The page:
‘I don’t think that we can police our way out of police violence,’ Bender said in a public hearing Monday.
City Council member Phillipe Cunningham added that the ‘heavy-handed’ presence is making ‘folks feel unsafe in a different kind of way’.
Dubbed ‘Operation Safety Net’ (ONS), the multi-agency security plan includes closures of certain public buildings and streets, extra security and the launch of a city website to keep residents up to date
Government buildings including the courthouse where Chauvin will stand trial and the Hennepin County Government Center (above) have already been cordoned off with barbed wire, concrete barriers and chain link fencing
Security is costing the city an estimated $645,000, reported ABC 5 with the multi-agency group operating ONS is anticipating the most critical time of the trial to come in mid-to-late April when the jury starts deliberating
Angela Rose Myers, president of the Minneapolis branch of the National Association for the Advancement of Colored People (NAACP), said the ramped-up security measures are hampering protesters’ First Amendment rights to protest for justice for Floyd.
‘Their justice, their safety is putting up barricades and hindering our First Amendment right for public assembly and protest,’ she told WSJ.
‘We are not here to hinder justice, we are here to deliver justice.’
The Minnesota branch of Black Lives Matter told the outlet the organization plans to hold peaceful protests throughout the trial but could not rule out the possibility of unrest if Chauvin walks free.
‘The whole country is watching right now,’ said Trahern Crews, founder and lead organizer of the branch.
‘And I believe the majority of the country wants to see justice for George Floyd.’
A coalition of social justice and community groups has planned a mass protest on March 8 outside the courthouse demanding justice for Floyd on the first day of the trial.
George Floyd died on Memorial Day as he was arrested by four police officers over allegedly trying to buy cigarettes with a counterfeit $20 bill. He was seen in a video pleading that he couldn’t breathe as Derek Chauvin pressed his knee against his neck
Pictured (left to right): Former officers Derek Chauvin, J. Alexander Kueng, Thomas Lane and Tou Thao in their mugshots. The three other cops have been charged with aiding and abetting and will stand trial August
George Floyd bill to ban police chokeholds hits resistance in the Senate
A bill seeking to ban chokeholds that passed the House Wednesday night is already facing obstacles in the Senate – and the lone Republican who backed it in the House said he did so in error.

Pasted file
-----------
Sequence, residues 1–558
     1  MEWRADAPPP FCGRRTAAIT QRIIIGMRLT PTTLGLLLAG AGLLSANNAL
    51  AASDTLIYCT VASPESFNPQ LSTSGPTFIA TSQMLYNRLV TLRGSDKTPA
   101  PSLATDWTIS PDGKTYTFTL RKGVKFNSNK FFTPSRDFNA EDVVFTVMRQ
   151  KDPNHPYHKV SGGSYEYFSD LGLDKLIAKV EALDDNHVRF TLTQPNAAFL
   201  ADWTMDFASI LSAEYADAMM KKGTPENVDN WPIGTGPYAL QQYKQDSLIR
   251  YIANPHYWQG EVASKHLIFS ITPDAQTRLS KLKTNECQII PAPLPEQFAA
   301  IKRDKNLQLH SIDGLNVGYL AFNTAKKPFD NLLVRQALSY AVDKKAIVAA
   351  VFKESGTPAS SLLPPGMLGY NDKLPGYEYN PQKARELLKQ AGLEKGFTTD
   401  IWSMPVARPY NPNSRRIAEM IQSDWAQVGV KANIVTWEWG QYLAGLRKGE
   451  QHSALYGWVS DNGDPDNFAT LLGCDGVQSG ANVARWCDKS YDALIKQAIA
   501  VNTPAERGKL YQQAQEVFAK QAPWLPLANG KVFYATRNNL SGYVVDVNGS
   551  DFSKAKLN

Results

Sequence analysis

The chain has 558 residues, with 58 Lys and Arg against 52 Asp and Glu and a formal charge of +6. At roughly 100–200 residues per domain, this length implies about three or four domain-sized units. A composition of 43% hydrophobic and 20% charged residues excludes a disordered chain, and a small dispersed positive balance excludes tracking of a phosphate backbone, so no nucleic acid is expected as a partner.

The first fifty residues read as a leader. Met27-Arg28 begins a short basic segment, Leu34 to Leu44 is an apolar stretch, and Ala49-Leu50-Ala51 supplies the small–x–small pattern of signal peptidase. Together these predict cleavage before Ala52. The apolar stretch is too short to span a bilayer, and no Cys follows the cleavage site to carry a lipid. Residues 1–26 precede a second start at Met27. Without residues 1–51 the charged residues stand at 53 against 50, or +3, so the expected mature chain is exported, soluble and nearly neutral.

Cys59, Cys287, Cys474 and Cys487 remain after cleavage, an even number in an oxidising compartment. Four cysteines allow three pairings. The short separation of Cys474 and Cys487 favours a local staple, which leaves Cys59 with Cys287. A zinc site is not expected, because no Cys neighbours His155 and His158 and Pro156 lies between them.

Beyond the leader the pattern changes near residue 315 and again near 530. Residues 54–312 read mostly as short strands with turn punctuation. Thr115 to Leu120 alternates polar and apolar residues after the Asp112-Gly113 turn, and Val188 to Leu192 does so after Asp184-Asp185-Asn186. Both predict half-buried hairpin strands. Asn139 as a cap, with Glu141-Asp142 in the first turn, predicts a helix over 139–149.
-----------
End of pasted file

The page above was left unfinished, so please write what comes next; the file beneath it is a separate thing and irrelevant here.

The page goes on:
The House passed the bill, designated the ‘George Floyd Justice in Policing Act’ in one of the last votes of the week amid an ongoing security threat to the Capitol.
It seeks to stop ‘choke-holds’ by tying federal funds to police tactics and passed the House on a 220-212 vote.
Rep. Lance Gooden, a Texas Republican, announced late Wednesday he didn’t vote as he intended. The bill faces an uncertain future in the Senate, where it would be subject to a 60-vote filibuster.
Sen. Tim Scott, the lone black Republican senator, has his own bill, and labeled the House bill ‘partisan.’
‘I hope my friends on the other side of the aisle will come to the table to find common ground where we can make meaningful changes that will bring us closer to the goal of a more just country,’ he said. Sen. Rand Paul, whose state was home to Breonna Taylor, who died in a nighttime police raid, has his own bill on ‘no-knock’ warrants.
House Speaker Nancy Pelosi at a Thursday press conference cheered passage of the bill. ‘It was pretty exciting to have a big strong Democratic vote for that. We had wished it would be bipartisan,’ she said. ‘It is something we all take great pride in. Millions of people worldwide marched, came out, peacefully demonstrated to say: “Enough.” When they saw George Floyd lynched before their very eyes, for eight minutes and 48 seconds,’ she said.
The bill restricts some funds to local governments that allow choke holds and other techniques, bans ‘no-knock warrants’ by police, and modifies ‘qualified immunity’ for police.
The organizations include: the Anti-War Committee, Black Lives Matter MN, CAIR-MN, CAIR-MN, Climate Justice Committee, Communities United Against Police Brutality, Families Supporting Families Against Police Violence, Freedom Road Socialist Organization – Twin Cities, Good Trouble for Justice, MN Immigrant Rights Action Committee, MN Uprising Arrestee Support, MN Workers United, Native Lives Matter, On Site Public Media, Racial Justice Network, Students for Democratic Society at UMN, Twin Cities Coalition 4 Justice 4 Jamar, and Women Against Military Madness.
Jury selection for Chauvin’s trial could take up to three weeks starting Monday with opening arguments not expected to be heard until the end of March.
If convicted of his two counts of murder and manslaughter, Chauvin faces up to 40 years in prison for second-degree murder and 10 years for manslaughter.
Prosecutors say Chauvin murdered Floyd with the county medical examiner ruling his death a homicide from ‘cardiopulmonary arrest complicating law enforcement subdual, restraint and neck compression.’
The defense says Floyd died from the drugs found in his system and his pre-existing heart disease.
Chauvin was arrested back in May after footage surfaced online of Floyd’s Memorial Day killing in the streets of Minneapolis.
Chauvin is accused of murdering Floyd, 46, during his arrest on May 25 for allegedly using a counterfeit $20 bill at a convenience store.
The white cop was caught on camera kneeling on the black man’s neck for almost nine minutes while Floyd begged for his life and said ‘I can’t breathe’ and onlookers pleaded with the officers to stop.
Chauvin, Thao, Lane and Kueng were all fired the next day and the FBI and the Minnesota Bureau of Criminal Apprehension launched an investigation.
Chauvin, who it transpired had been subject to at least 12 conduct reports with Minneapolis Police Department since 2001, was arrested and charged with third-degree murder and second-degree manslaughter at the end of May.
Floyd’s family called for the charges to be upgraded to murder in the first degree.
In June Chauvin was handed another charge of second-degree murder.
A judge then dismissed the third-degree murder charge against Chauvin in October saying prosecutors did not have probable cause for the charge because they did not prove that Chauvin’s actions were a danger to anyone other than Floyd.
Under Minnesota law, a person is guilty of third-degree murder if ‘without intent to effect the death of any person, [the defendant] causes the death of another by perpetrating an act eminently dangerous to others and evincing a depraved mind, without regard for human life’.
The charge is rarely used in Minnesota and carries a maximum prison sentence of 25 years.
Thao, Lane and Kueng were charged with aiding and abetting second-degree murder and manslaughter. They each face up to 40 years in prison.
Chauvin is accused of murdering Floyd (above), 46, during his arrest on May 25 for allegedly using a counterfeit $20 bill at a convenience store